Anderson University celebrated the 104th year since its founding in the annual Founders Day Convocation on Wednesday, February 11.
The University honored one of its graduates, Dr. Jeffrey Deal with the Alumni Achievement Award. Dr. Deal, a physician and inventor who has helped battle disease in impoverished nations around the world, was the logical choice for the Liberian government last year when it sought to battle the dread disease Ebola. Deal has invented a robotic disinfection machine, called the TRU-D (Total-Room Ultraviolet Disinfector), which is manufactured by the Lumalier Corporation of Memphis, TN. The device uses ultraviolet light to kill harmful bacteria in the hospital room setting. It is unique in that it kills (including the most resistant viruses) under objects, behind machinery and anywhere they might be within the room.
In addition to his work in battling infection and disease, Deal worked for 17 years as a board-certified otolaryngologist in private practice in Charleston. When the loss of much of the vision in one eye due to retinal disease kept him from performing microsurgery, he shifted his focus to other areas of interest, including mission work and the study of anthropology. “It worked out for the best,” he says. Today, he serves as the director of health research for Water Missions International; a nonprofit, Christian engineering organization that serves the water and sanitation needs of people in developing countries and disaster areas. He and his wife, Hart, live in Charleston and have four children.
In accepting his award, Deal credited Anderson University for changing the direction of his life after he came to the school to play basketball. He discovered faith on the Anderson campus and has pursued mission work since that time.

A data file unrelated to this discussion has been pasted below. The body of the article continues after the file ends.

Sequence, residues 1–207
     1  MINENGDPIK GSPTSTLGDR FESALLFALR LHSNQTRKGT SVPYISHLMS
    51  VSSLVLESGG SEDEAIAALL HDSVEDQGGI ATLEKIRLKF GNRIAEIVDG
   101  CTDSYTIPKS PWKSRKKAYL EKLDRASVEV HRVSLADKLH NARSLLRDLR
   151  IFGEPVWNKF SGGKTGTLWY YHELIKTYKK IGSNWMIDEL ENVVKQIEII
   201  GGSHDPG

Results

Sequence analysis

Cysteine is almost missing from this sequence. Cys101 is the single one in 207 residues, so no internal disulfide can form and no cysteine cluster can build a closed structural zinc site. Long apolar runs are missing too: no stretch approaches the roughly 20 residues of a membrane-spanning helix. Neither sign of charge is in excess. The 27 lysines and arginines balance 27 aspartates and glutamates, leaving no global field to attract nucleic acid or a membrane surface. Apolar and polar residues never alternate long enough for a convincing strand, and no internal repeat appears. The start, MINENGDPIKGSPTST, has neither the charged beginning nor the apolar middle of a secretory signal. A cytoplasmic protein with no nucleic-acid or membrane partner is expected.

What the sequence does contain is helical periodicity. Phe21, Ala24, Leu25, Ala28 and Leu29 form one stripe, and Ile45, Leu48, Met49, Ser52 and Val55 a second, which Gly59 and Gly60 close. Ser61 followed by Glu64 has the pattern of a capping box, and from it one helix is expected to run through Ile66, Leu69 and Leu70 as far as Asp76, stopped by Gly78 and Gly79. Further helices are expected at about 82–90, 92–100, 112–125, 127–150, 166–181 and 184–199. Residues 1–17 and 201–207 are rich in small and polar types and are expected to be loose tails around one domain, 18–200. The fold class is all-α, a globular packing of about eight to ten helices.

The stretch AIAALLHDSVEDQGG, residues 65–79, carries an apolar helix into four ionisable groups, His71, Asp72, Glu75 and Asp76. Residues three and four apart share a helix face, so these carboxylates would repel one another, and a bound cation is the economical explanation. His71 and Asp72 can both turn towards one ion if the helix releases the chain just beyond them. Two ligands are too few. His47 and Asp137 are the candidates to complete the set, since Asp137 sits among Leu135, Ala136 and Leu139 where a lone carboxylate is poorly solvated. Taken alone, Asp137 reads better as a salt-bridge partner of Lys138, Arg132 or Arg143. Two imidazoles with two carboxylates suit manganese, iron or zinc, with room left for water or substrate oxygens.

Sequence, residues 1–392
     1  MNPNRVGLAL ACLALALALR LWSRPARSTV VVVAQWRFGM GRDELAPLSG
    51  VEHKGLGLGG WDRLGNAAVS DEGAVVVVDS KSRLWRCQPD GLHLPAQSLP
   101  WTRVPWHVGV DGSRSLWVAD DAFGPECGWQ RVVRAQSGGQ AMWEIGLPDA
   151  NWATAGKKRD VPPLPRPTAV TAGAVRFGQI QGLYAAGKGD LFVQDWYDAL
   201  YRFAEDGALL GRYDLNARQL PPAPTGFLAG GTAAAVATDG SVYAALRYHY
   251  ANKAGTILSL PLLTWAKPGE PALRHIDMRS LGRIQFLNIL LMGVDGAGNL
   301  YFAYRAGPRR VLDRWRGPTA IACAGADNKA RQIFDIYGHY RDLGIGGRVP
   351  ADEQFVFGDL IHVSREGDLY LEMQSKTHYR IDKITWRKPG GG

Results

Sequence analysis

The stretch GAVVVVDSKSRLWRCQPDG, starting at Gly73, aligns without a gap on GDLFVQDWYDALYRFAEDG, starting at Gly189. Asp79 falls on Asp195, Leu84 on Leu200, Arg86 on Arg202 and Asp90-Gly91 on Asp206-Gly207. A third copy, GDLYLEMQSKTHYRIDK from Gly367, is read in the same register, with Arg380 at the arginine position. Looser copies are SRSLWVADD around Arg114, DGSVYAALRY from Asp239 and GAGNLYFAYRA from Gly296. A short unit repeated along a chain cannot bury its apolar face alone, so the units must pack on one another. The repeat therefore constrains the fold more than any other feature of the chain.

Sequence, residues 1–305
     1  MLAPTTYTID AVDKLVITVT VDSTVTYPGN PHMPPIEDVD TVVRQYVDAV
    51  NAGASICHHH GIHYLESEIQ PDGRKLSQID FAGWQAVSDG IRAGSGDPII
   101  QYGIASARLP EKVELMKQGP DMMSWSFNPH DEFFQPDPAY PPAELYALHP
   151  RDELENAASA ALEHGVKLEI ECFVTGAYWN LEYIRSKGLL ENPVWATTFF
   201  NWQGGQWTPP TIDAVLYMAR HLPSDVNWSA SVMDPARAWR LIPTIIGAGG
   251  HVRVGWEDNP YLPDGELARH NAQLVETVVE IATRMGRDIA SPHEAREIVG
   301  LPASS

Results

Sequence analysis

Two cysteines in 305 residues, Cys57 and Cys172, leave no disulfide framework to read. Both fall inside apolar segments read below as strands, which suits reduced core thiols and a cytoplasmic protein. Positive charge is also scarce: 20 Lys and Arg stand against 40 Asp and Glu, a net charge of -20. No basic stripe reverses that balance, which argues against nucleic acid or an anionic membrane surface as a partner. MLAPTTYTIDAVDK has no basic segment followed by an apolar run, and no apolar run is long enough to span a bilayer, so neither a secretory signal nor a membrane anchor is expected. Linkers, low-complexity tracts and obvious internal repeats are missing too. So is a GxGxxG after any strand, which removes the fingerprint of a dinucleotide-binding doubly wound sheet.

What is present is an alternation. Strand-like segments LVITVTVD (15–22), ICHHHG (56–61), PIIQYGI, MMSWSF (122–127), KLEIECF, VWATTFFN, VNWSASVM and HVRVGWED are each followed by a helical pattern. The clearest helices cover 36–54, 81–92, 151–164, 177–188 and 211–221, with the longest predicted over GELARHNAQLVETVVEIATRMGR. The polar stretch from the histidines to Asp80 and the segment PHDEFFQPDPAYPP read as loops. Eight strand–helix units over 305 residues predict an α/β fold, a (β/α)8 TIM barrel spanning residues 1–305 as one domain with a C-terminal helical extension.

Dr. Sinclair Lewis delivered the Founders Day address. A retired minister, Lewis has served The United Methodist Church in many areas on the state and jurisdictional levels. He is best known in South Carolina, however, as the driving force behind Palmetto Boys State, the premier leadership development program in the nation. Helping to guide one of the nation’s largest chapters here in South Carolina, Dr. Lewis has worked with the most promising young high school leaders in our state for more than 57 years. He has chaired the Boys State Committee for the Department of South Carolina twice for a total of l9 years and has served as the Secretary-Treasurer for 43 years. Four years ago, Dr. Lewis approached Anderson University about partnering with Palmetto Boys State as the new home for the 1000 participants in the prestigious summer conference.
Lewis, who has been awarded an honorary Doctor of Humanities from AU, challenged the students in attendance to learn and appreciate the history of AU. He credited the leadership of the university for creating a dynamic institution that makes a great contribution to the quality of life in the Upstate.
“When my wife and I were looking for a place to retire seven years ago,” he told the audience, “we chose Anderson for a number of reasons, chief among them being Anderson University. We knew of its excellent reputation in music, and that was very important to us.”
Dr. Lewis has also been honored by the State of South Carolina with The Order of The Palmetto.
Founders Day was created to honor the visionary Anderson area leaders whose desire for a college in Anderson and generous support led to the establishment of what is now Anderson University some 104 years ago.